OceanLife Int'l Reference In reading one of your FAQs, I came upon a reference to OceanLife Int'l $2/lb Marshall Island live rock and their collection process.  I had come across their website and was thinking about chancing a small order to see what the quality was like.  Do you all have any experience with this seller?  Thanks, ---Scott <A great place to "plug" the BB's in our interest. Ours: http://wetwebfotos.com/talk/, and ReefCentral, reefs.org and others is where I encourage you to seek out a broad/er range of experience. Bob Fenner>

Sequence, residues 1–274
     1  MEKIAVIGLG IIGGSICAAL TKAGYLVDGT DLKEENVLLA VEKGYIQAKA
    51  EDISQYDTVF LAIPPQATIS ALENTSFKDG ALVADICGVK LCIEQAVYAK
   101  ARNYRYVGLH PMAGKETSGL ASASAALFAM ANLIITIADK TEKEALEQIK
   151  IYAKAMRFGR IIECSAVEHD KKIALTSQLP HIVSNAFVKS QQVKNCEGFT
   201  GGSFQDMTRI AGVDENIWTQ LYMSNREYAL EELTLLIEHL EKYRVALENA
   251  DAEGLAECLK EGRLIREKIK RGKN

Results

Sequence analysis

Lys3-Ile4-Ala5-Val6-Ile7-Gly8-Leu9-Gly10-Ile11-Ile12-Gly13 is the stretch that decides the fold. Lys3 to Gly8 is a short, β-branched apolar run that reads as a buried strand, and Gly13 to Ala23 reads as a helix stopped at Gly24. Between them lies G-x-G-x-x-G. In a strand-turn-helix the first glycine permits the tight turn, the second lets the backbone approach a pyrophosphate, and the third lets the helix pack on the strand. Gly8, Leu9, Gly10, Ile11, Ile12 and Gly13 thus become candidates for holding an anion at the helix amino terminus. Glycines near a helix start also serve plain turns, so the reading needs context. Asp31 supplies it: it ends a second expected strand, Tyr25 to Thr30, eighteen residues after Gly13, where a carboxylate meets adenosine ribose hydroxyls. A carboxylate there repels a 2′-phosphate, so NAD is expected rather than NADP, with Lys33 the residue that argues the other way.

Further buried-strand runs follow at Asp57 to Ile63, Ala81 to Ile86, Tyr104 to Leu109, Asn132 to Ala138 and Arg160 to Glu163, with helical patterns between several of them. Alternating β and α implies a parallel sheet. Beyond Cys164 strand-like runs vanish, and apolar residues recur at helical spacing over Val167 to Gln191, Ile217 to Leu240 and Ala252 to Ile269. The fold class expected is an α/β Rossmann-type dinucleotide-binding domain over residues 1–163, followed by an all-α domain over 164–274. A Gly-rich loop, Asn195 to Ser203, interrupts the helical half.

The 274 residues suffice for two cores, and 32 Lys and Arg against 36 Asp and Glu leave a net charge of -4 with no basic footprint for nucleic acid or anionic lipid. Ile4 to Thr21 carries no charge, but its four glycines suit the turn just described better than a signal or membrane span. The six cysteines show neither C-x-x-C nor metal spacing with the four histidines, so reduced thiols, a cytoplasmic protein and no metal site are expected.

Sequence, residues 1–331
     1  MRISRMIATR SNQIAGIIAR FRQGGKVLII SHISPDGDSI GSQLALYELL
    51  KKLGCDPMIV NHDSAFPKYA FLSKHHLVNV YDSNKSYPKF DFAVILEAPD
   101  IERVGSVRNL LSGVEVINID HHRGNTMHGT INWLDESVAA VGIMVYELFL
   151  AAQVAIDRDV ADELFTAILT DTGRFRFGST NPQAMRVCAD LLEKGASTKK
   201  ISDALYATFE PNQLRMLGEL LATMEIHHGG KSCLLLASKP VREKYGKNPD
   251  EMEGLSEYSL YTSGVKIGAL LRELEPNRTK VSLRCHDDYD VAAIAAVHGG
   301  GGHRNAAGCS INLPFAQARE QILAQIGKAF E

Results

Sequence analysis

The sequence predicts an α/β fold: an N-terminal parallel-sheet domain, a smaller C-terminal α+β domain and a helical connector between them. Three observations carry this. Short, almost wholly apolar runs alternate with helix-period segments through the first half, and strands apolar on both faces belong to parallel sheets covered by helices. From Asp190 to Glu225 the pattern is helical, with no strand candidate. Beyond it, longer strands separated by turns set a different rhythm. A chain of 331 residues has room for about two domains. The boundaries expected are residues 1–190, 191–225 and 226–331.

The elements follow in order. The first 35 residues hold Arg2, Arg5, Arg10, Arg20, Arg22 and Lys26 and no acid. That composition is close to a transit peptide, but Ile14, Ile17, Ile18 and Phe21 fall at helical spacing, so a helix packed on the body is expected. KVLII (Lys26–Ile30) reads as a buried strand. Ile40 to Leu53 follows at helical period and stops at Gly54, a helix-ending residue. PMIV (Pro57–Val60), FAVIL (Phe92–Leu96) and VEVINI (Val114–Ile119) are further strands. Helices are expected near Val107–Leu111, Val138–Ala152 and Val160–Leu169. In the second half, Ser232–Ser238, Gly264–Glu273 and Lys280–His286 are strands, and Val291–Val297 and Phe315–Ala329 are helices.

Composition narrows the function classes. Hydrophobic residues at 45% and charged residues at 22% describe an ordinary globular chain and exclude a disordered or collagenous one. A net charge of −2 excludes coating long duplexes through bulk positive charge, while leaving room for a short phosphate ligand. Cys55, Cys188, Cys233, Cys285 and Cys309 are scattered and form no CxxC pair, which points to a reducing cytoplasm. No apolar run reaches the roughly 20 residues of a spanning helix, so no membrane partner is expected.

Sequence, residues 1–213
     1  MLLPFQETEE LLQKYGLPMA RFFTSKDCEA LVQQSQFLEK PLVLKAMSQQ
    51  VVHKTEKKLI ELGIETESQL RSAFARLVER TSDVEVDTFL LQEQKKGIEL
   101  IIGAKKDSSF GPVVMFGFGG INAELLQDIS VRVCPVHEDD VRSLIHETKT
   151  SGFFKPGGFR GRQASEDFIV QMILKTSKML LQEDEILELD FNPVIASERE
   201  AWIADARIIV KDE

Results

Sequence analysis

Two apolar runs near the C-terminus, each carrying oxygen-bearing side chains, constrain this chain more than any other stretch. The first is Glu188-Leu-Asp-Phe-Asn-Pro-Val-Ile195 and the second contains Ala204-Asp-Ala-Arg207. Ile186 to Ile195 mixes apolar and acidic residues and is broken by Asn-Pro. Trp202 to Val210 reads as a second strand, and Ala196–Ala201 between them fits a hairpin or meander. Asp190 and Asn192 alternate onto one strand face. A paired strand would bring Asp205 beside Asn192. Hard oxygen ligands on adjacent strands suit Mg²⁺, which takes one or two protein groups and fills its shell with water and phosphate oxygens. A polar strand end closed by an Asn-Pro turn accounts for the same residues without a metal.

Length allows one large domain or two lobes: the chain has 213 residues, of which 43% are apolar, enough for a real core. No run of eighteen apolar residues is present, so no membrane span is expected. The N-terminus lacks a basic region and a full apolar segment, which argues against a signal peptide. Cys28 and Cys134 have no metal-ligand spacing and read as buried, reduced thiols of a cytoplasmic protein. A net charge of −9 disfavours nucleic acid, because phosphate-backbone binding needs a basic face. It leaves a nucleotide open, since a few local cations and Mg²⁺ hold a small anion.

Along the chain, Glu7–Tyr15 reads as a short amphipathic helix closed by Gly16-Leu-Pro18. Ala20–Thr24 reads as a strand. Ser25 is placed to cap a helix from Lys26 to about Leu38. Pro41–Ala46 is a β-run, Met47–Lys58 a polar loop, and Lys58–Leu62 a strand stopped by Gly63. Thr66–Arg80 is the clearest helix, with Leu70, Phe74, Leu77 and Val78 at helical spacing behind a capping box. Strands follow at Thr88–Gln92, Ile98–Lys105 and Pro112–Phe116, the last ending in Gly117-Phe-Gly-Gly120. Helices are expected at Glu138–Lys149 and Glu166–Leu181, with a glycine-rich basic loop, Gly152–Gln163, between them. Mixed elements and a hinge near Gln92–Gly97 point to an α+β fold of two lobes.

Live rock guilt Hello all, <Howdy> I was planning a trip to Chicago's Shedd Aquarium to visit their new exhibit on Filipino Reefs, and thought I'd check it out on their website. As I'm looking around, I see a section on conservation and think to myself 'right on, this is great'. Then I see a link to 15 things you can do. http://www.shedd.org/wildreef/tertiary_template.cfm?article=30 Here is #8: "8. Don't start a live rock aquarium. Although this invertebrate-encrusted rock is still legally harvested in some places, its removal is devastating to the reef habitat." <An ignorant statement. The removal of anything has some impact... but the way most LR is extracted has minimal negative consequences> I know the reef builds on these rocks, but I didn't think collection was that harmful. Am I naive? <No, perhaps misled or in danger of being so> I've only been doing this for about a year (with relative success thanks to this site), but justifying the hobby is sometimes difficult when I read stuff like this. Thanks, Jose <Jose, I have been (several times) to operations that collect such rock... in a few countries... It IS collected in areas where little permanent sessile macro-life (including stony or soft corals) occurs. I am at times alarmed at the apparent ignorance and/or stance of public aquariums on "hobbyist" use of resources... What a height of hypocrisy and stupidity... to on the one hand condemn "common folks" from using the world... and on the other charging them to see a smattering of it... And to think they will/can "talk down" the avocational use of said resources and not hope/think to get caught up in the ensuing negative legislation that will surely follow the limiting/exclusion of our hobby. Thank you for sending this along. Bob Fenner> Live Rock selection - 9/9/03 Hi guys and thanks for reading my questions! <Our job>  I'm a first-time wet web user and a first-time marine aquarist which adds up to a ton of questions. <understood> I'm a college student who has always dreamed of having a marine tank, but being a college student I don't have a lot of money. <Nor do I>  However, I do have a lot of hopes and aspirations that I'm eager to fulfill for my tank.  Now, I've read a lot of online material and a book or two, and one thing I'm still confused about is the whole live rock issue.<A good plan is important>  By reading some of your responses to other questions I see that you suggest FFExpress, but on the forums I see Gulf View suggested a lot. <Depends on the responder>  The types of rock I'm considering are FFExpress's Lalo or Fiji rock <A nice choice>, ETropicals (FFExpress's affiliate) Caribbean rock, <Equally nice. and gulf view's coralline covered rock. <supposed to be excellent as well> I know this is a very broad question, but what are the positives and negatives of each? <Money, user preference depending on biotopic setup, shipping process, level of curing process, etc...>  With my low budget, I like the low cost of the Caribbean rock (about 100 dollars including shipping for 40 pounds), <great although I have seen this price for lots of live rock from all sorts outlets. Check around.> but is this cheaper for a reason (lower quality)? <Not necessarily. Lots of reasons for cheaper likely small price for a big buy. In other words, the wholesaler probably offered a middleman a price break for buying large quantities or something to that effect. The savings get passed on to you> Lastly, the tank is in my dorm room and so I will need to cure the rock in the tank itself (not a lot of room for other tanks to cure in) but the tank is empty except for sand, water, and equipment.  Is this a good or bad idea and is my whole dorm gonna stink because of my curing? <Possible. I would use carbon while cycling, keep lights off, use a heater and do frequent partial water changes (maybe 25-40%) and keep any other filtration or skimming running (if you use it)> (I've read bad things...)  <Oh yeah> Sorry that this is so long but thank you for your time!! <A pleasure, -Paul> A very inexperienced aquarist, James